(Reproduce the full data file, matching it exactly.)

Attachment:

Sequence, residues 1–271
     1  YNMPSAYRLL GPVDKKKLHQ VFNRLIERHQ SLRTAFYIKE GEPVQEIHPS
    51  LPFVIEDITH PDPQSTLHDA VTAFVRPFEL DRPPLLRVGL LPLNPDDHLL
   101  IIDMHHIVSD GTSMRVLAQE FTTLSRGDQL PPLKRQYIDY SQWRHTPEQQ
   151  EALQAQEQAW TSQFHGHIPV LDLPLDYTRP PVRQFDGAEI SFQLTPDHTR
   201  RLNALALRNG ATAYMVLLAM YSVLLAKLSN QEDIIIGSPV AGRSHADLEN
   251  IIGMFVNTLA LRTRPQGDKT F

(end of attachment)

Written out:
Sequence, residues 1–271
     1  YNMPSAYRLL GPVDKKKLHQ VFNRLIERHQ SLRTAFYIKE GEPVQEIHPS
    51  LPFVIEDITH PDPQSTLHDA VTAFVRPFEL DRPPLLRVGL LPLNPDDHLL
   101  IIDMHHIVSD GTSMRVLAQE FTTLSRGDQL PPLKRQYIDY SQWRHTPEQQ
   151  EALQAQEQAW TSQFHGHIPV LDLPLDYTRP PVRQFDGAEI SFQLTPDHTR
   201  RLNALALRNG ATAYMVLLAM YSVLLAKLSN QEDIIIGSPV AGRSHADLEN
   251  IIGMFVNTLA LRTRPQGDKT F